In Schorsch v. Reliance Standard Life Ins. Co., — F.3d — , 2012 WL 3667977 (7th Cir. Aug. 28, 2012), the court “considered here whether the content of a termination notice, specifically the absence of particular information, caused the beneficiary’s failure to exhaust and whether [he is] estopped from taking advantage of that failure.” The court found that the district court did not abuse its discretion in concluding that “the beneficiary offered no evidence of reasonable reliance on the absent information and that even if the notice was deficient, the alleged deficiencies were not material.”
The facts of the case are somewhat unusual. Reliance, which had been paying plaintiff benefits since 1993, notified her that it was terminating benefits in June 2006 based on the conclusion that she could work full time. About a week before the administrative appeal deadline expired, plaintiff’s attorney provided a “notice of intent” to appeal, with a request for time to submit “a detailed analysis of my client’s position.” Neither plaintiff nor her attorney submitted an actual appeal. About six months later, Reliance wrote to say that, though plaintiff may have intended to appeal, she did not; because the deadline had expired, its determination was final. Plaintiff then sued. During the litigation, Reliance admitted that it had lost the administrative record relating to the claim. Ultimately, the district court granted Reliance’s motion for summary judgment on the ground that plaintiff failed to exhaust her administrative remedies.
On appeal, plaintiff did not “seriously contest” that she failed to timely seek administrative review. Instead, she argued that Reliance should be estopped from relying on her failure to exhaust.
The court began by observing: “Schorsch cannot circumvent ERISA’s administrative remedies by simply pointing to errors in Reliance’s claims termination process. Flaws in Reliance’s termination notice and other errors become relevant only if Schorsch reasonably relied on them in failing to request a review of its decision to terminate her disability benefits,… or if Reliance’s missteps denied her meaningful access to a review[.]” The court then proceeded to go through plaintiff’s arguments and explain that none of them established reliance or a lack of meaningful access.
Plaintiff first argued that the termination letter misrepresented the “real” reasons why Reliance terminated benefits (e.g., claiming that it put weight on surveillance that it did not mention). The court held that Reliance had a good faith basis for terminating benefits, even if it did not disclose every piece of information it relied on. The court further held that, even if the termination letter was deficient in listing evidence, that failure would not provide a reasonable basis for plaintiff’s failure to exhaust administrative remedies. The court stated: “Schorsch obviously could not contest what she did not know, but the termination notice gave her and her counsel an opportunity to ‘review the pertinent documents upon which’ Reliance made its decision. Because Schorsch failed to exercise that option, she cannot now claim that had she known certain details, material or otherwise, she would have requested review of Reliance’s decision to terminate her benefits.”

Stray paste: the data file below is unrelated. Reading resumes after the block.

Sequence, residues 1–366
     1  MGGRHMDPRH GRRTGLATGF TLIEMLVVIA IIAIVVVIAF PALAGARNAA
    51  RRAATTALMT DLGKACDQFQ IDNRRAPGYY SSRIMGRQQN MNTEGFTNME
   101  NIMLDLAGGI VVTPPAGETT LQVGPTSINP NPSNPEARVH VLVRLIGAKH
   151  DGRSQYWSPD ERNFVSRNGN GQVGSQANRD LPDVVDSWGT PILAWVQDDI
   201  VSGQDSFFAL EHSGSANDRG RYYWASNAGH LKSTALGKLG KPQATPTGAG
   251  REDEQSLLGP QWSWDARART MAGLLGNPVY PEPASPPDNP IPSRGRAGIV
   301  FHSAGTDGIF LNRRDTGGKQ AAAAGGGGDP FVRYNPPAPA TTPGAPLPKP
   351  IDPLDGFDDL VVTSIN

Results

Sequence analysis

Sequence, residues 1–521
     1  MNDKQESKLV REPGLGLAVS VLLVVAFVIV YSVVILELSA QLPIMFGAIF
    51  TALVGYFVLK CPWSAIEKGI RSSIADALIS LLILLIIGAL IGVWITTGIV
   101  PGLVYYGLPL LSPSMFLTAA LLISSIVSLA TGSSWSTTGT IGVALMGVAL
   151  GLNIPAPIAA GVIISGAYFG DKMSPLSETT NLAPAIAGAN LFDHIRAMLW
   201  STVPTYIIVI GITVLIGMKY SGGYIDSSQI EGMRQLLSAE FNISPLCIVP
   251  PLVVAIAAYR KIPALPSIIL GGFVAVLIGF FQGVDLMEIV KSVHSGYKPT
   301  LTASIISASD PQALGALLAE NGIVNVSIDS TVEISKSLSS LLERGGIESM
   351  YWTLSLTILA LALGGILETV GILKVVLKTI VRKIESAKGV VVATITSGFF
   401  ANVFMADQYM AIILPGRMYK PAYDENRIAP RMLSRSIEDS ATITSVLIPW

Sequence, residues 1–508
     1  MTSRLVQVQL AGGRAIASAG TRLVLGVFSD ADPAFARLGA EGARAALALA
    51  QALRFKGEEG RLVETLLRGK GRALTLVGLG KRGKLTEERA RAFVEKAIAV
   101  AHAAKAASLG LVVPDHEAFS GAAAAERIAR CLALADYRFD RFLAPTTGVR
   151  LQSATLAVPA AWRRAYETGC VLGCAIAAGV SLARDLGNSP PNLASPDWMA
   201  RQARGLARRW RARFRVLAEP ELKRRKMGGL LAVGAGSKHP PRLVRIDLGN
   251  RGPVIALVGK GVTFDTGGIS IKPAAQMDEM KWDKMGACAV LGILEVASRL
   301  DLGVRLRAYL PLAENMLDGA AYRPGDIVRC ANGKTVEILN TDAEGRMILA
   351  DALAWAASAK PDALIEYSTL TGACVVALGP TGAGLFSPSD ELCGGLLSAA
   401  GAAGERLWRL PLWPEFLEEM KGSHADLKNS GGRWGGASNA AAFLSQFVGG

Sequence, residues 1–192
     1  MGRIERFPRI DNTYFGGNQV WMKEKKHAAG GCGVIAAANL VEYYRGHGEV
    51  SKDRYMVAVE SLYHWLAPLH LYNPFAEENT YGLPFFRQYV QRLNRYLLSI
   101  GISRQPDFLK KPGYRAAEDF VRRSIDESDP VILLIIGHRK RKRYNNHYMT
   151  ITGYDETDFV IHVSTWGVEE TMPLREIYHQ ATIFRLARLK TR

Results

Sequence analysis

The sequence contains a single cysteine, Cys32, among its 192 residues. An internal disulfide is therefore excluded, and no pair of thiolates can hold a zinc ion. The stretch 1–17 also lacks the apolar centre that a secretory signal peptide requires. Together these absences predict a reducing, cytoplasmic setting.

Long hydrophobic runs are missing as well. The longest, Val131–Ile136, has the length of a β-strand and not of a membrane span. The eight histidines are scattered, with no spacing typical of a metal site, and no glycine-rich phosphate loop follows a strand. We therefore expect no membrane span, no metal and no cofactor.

Plaintiff next argues that the termination letter gave her only 60 days to appeal, while the applicable regulation, she claimed, allowed 180 days. The court found that, while there was a question which version of the regulation applied, the answer did not matter because plaintiff could not establish that disclosure of a different deadline would have made any difference in her failure to file a request for a review, when she never requested a review.
Plaintiff also argued that the loss of the administrative record justified estoppel, but the court found that she could not establish that the subsequent loss of the record justified her prior failure to administratively appeal.
Plaintiff also argued that Reliance did not establish reasonable claims procedures, in violation of ERISA, and that she therefore should be deemed to have exhausted her administrative remedies under 29 C.F.R. 2560.503-1. But the court held that the regulation assumes claimants attempted to exhaust their administrative remedies but the lack of a reasonable claims procedure blocked a decision on the merits of the claim. Plaintiff, the court held, could not establish that Reliance blocked her access to the claim review process, because she never sought that review.
The court summed up its decision as follows:
We do not condone Reliance’s missteps—particularly the loss of the administrative record, the confusion over who performed her vocational assessment, and the impression it gave Schorsch that its decision was based only on her medical records when in fact the surveillance report suggesting she ran a babysitting service influenced the decision by some measure. But Schorsch cannot show how these problems caused her failure to seek review of Reliance’s termination decision. The congressionally mandated internal claims resolution process is the first stop in ERISA’s scheme for addressing such disputes. Schorsch never followed Reliance’s instructions for seeking review, and she does not show how she reasonably relied on any misrepresentation or lack of information in failing to exhaust her administrative remedies. Thus, the district court did not abuse its discretion in requiring exhaustion.